Tuesday, January 6, 2015

Review: Temple of the Gods by Andy Mcdermott (Wilde & Chase, #8)

Atlantis and it's whereabouts have always been a curious case for the taking. Not to forget the long lost excavations, the urban legends and the buried myths associated with the city. Author Andy Mcdermott in his book "The Temple of the Gods" takes on the wild chase with Wilde & Chase respectively to uncover the mystery behind Atlantis. So will Atlantis be courteous or will it lure away the readers? Let's find out. 

Nina Wilde’s life is falling apart. The archaeologist’s husband Eddie Chase is falsely accused of murder. The ex-SAS soldier is on the run while Nina searches for the origin of three strange statues stolen from her before Eddie’s disappearance. She begins to suspect that they are related to the lost civilization of Atlantis, she realizes that this is bigger than she expected. Eddie seeks the help of a mysterious benefactor, but this puts him in direct conflict with his wife’s own search. Nina heads to Japan to meet an industrialist who has gotten his hands on the statues through the black market. She doesn't know that Eddie is already on his way. When they meet, they will begin a chain reaction that will have devastating consequences for the world.

First look at the title and the book and one can associate history with the ruins and remains in the cover image. The title speaks volumes about the book. The blurb talks about Wilde & Chase's latest exploits and the pains to be in tune with the latest developments. The blurb is a scarce source of what to expect out of the humongous book. It really veils the original purpose.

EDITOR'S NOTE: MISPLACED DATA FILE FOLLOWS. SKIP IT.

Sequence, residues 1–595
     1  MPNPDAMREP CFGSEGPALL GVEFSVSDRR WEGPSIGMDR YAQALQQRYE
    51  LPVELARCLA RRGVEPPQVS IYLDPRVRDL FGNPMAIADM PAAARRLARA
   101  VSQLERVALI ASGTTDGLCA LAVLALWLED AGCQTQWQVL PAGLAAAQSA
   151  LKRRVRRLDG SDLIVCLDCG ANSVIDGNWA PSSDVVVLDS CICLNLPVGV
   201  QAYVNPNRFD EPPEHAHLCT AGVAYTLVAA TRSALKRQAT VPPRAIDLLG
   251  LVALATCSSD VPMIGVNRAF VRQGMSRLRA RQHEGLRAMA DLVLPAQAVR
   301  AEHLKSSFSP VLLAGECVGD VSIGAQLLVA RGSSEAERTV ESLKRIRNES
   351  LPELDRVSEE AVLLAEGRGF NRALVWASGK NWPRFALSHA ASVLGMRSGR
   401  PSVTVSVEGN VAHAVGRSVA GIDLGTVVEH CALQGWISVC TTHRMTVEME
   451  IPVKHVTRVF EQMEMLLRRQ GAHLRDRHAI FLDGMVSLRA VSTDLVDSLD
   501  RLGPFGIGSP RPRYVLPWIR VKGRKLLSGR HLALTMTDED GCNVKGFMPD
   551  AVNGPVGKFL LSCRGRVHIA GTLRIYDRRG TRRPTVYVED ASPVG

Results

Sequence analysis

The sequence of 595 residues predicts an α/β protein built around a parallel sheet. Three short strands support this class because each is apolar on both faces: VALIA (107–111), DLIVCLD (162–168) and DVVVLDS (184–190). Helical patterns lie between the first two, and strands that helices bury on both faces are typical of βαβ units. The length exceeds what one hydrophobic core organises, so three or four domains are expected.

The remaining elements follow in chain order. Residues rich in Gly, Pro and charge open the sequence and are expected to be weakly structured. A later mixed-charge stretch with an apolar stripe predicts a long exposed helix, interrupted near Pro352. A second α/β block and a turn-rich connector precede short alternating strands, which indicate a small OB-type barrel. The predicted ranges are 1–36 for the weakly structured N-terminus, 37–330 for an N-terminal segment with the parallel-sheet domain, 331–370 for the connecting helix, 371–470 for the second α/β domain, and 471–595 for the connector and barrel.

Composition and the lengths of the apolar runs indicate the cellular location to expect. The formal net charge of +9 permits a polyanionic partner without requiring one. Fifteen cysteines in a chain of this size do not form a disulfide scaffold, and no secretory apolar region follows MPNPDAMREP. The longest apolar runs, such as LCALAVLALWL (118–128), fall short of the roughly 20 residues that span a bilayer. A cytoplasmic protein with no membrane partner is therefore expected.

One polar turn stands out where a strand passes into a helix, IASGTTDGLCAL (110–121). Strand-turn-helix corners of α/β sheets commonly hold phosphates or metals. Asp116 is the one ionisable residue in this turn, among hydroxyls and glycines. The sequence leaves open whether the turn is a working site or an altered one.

The story is the latest adventure of Wilde & Chase where both of them are victims of circumstances. Eddie's on the run and Nina's maintaining a fake calm. The object of headache is by far the most alluring mysteries of the Atlantis excavation. But there is repulsion from unknown quarters and soon they are mixed amidst action where it all comes down to life and death. So is Atlantis playing mind games with the duo? Will they be able to repel the rebels? Will there be glory or free fall? 

The duo returns and returns to blind spots. There's purpose, but there's no clarity, there's mystery yet it entails them on a rough path of obscurity and there's blood and past involved but it keeps them at bay. The ruthless action, suspense and unforgiving enemies forge the climb of the famous duo. The book promises historical revelations with Atlantis at the forefront and in a manner of speaking delivers some juicy insights too. The book at length goes on the turn into an action adventure, which executes the bulk of the story in a flash. There's a methodical dissertation of the story line drawing from the past, present and the future which convenes the imaginative brutal journey. The drama is at hilt which is never short of madness. 

The downside of the book is it's personal vendetta becomes a primary driver for the plot which leads to scarcity in the historical angle. Atlantis and it's mentions go missing in the middle portions of the book. A lot of unnecessary action eats out the meaty chunks and leaves scarred impressions. The book could have been toned down by a 100 pages to make it more meaningful rather than going in for filmy showdowns. 

All in all the book is a mixed bag. An adventure with unsettling history is promised, but the promise is not kept in the long run. There's a certain precision with action which is exciting but there's a pale historical revelation which mars the entire hype and hoopla. It builds and sustains momentum for most of the part but it fails to reproach the correct track when needed to. It's not an entirely hate story, has some measure of sense yet far away from glory. 


3 OUT OF 5   

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